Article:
AnsweredAssumed Answered

Massive memory allocation

Question asked by sei on May 3, 2013
Latest reply on May 6, 2013 by himanshu.gautam



I have a opencl program which abstractly looks like this


int batch_size = X << num;

cl::Buffer global_tmp(size_function(batch_size));



kernel1.setArg(dynamic local memory size)



kernel2.setArg(dynamic local memory size)


for (int done = 0; done < num; done += batch_size)


     do kernel1, offset = done, global_size = batch_size

     do kernel2, offset = done, global_size = batch_size




The kernels process over a large dataset, and has to do small batches at a time, otherwise the global_tmp buffer becomes to large.

When this loop runs suddenly my allocated memory skyrockets, followed by massive disk access (which I assume is paging).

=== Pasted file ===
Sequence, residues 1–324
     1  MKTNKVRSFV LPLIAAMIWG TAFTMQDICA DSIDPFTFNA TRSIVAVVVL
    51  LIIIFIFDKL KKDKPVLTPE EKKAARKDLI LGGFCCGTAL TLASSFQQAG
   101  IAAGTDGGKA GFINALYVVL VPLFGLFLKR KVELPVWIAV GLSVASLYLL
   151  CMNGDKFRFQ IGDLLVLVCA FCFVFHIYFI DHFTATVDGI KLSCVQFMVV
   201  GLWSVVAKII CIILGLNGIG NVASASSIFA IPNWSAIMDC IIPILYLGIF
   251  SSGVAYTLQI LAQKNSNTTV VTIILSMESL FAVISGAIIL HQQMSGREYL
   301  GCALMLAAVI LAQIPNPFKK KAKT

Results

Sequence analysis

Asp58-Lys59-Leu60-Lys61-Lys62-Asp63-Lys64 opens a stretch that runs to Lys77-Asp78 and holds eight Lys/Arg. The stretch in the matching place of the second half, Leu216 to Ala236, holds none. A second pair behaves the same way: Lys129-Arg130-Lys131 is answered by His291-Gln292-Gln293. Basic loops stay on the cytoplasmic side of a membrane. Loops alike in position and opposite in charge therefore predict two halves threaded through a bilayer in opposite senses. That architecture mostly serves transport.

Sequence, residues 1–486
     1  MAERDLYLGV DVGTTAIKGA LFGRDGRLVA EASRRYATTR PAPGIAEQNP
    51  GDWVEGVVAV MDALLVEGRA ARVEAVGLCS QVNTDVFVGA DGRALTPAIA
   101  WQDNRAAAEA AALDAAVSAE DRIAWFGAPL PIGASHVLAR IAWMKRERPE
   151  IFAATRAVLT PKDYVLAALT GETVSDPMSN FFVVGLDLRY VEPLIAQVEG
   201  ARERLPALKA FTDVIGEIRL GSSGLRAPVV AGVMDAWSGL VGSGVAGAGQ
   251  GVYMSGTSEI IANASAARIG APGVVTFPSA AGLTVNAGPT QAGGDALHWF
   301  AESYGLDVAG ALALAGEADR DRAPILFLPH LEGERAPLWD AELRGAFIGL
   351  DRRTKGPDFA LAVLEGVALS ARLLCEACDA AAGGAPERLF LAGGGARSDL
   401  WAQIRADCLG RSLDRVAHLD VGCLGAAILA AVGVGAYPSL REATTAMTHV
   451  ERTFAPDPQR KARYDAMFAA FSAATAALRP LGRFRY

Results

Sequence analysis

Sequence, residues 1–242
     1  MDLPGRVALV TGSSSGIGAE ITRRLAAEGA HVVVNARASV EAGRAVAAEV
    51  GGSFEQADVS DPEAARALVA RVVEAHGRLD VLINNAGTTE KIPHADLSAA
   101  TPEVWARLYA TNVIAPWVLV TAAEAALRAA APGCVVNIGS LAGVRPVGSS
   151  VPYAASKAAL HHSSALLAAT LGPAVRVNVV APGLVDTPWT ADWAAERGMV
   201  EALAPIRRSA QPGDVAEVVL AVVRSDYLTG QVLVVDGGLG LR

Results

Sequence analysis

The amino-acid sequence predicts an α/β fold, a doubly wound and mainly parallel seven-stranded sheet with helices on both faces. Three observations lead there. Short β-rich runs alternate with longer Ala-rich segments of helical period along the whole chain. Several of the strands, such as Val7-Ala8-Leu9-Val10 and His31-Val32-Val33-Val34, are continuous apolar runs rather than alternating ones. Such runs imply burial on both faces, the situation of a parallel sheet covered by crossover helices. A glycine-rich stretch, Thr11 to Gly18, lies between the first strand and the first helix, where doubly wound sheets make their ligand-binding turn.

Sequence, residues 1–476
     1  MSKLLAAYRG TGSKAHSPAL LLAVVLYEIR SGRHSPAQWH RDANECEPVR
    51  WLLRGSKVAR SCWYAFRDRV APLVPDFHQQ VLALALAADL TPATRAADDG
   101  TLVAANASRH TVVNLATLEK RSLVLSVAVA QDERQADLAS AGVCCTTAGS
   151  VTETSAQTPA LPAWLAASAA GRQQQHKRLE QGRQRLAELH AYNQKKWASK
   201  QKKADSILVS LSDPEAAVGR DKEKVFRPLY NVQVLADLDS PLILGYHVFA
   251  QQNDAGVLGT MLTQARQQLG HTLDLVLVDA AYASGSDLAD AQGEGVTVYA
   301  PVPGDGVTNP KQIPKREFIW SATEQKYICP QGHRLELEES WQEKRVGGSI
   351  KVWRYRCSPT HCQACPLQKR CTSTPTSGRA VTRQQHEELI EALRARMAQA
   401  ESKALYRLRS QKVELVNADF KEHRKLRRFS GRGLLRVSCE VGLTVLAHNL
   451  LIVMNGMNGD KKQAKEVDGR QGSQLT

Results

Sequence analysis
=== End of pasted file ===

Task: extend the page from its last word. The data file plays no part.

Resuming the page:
I'm guessing this happens because the opencl driver stores the configuration for each kernel invocation in order to be asynchronous, but I have 16GB RAM and it gets filled.

The only explanation I can think of is that global_tmp and/or the local memory is also stored in RAM.

Is this true? If so, I don't see the reason why one ever would want that kind of behaviour.

If the local memory is saved, why exactly? Once a kernel is executed, it is run to completion, no interruption, right?

If the global memory is saved, the driver assumes prior knowledge on how the application uses that memory, which here is shared between kernel1 and kernel2, therefor kernel2 must see the output of kernel1, not the state global_tmp was in when kernel2 was enqueued.


I know that kernel2 does see the correct output of kernel1, because the algorithm still works properly, so is the global_tmp only saved for each kernel1?


Exactly what happens here?


Note: there is no problem when the queue.finish() is used, I am just wondering about the finer details on how the driver works.


I am running this on a 7970 with the latest driver.